There’s no hiding from the fact that the 2022-23 Vancouver Canucks biggest problem is defence. It got no easier with Travis Dermott
‘s mysterious injury
keeping him off the ice since late September. Add Poolman being an unknown and a rusty one at that, and the entire defence is obscured by fog. After a pre-season of experiments with pairing combinations and moving players’ sides, the safe bet is probably the safe bet.
The top two pairs did reasonably well last season, though if the team wants to release the best of Hughes, Schenn is far from the ideal partner. But a pre-concussion Poolman was even worse, and there’s no guarantee he’ll be back to full speed for a while yet. The team wants more offence from Ekman-Larsson, but his best fit is working with Myers to shut down opposition chances. They did reasonably well, but it’s nowhere near his full potential.
Rathbone is ready for the NHL but should be a little sheltered yet. A pairing with Schenn would be perfect, but that leaves the question of Hughes’ partner. Kyle Burroughs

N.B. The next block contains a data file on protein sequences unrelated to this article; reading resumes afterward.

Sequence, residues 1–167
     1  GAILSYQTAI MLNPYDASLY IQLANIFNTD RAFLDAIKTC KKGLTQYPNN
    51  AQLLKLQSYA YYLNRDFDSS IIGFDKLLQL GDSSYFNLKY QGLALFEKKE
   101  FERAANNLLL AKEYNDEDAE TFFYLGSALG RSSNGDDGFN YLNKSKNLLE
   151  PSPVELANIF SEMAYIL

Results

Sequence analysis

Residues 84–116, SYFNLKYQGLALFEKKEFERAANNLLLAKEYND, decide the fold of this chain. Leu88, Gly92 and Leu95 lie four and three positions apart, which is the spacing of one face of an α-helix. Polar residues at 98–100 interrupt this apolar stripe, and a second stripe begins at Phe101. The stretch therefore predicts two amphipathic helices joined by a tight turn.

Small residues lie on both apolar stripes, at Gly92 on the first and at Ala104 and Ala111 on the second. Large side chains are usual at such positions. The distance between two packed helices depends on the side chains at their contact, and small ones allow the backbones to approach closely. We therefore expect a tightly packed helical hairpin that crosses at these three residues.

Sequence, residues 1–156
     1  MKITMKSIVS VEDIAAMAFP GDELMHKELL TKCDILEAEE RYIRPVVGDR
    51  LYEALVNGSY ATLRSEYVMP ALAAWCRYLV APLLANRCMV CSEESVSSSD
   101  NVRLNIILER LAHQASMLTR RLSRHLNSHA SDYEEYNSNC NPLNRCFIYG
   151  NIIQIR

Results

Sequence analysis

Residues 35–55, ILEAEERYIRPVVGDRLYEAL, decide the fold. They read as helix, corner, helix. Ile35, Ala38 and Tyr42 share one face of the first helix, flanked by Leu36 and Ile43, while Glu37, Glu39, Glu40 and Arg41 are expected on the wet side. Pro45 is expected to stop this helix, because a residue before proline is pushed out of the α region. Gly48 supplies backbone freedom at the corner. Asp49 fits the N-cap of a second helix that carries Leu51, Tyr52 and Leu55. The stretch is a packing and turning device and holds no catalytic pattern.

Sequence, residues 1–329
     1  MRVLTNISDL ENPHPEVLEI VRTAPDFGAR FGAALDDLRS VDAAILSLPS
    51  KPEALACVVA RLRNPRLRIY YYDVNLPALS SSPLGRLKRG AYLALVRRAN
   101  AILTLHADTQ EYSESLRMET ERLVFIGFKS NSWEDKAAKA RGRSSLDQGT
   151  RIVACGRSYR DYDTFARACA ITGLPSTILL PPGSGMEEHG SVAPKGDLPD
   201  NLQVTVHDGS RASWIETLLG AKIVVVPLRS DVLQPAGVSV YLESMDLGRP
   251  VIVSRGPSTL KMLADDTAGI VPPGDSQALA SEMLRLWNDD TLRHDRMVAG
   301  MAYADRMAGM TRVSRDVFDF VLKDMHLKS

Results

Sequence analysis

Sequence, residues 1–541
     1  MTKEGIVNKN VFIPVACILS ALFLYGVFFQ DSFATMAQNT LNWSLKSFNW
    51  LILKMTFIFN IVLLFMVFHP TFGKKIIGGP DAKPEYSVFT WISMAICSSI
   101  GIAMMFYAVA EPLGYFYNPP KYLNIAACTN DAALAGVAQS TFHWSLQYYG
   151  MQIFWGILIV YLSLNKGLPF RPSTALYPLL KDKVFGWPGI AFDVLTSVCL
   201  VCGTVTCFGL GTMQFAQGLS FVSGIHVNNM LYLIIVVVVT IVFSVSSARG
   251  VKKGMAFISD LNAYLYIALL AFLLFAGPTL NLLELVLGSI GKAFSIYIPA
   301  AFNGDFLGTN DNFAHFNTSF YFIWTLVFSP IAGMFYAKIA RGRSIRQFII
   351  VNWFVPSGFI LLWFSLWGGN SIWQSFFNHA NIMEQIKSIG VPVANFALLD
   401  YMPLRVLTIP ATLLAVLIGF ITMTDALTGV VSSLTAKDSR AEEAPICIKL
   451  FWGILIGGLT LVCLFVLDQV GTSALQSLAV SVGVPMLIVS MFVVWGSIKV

is certainly an option, as is Christian Wolanin
though Wolanin is left-handed. Vancouver’s issue is having five third-pair capable defencemen but a giant gap beside Hughes. It’s not a problem they can solve with greater numbers.
One sure thing, one question mark. For the 2022-23 Vancouver Canucks to have a successful year Martin needs to come through. He doesn’t have to be as ludicrously good as last year’s .950 save percentage, but having average numbers should work. Despite being a 2013 draft pick, Martin has played all of nine NHL games. The Canucks decided this was one spot they’d save money instead of trying another older veteran for the third year running. It could work, but shooters are going to have a book on Martin now.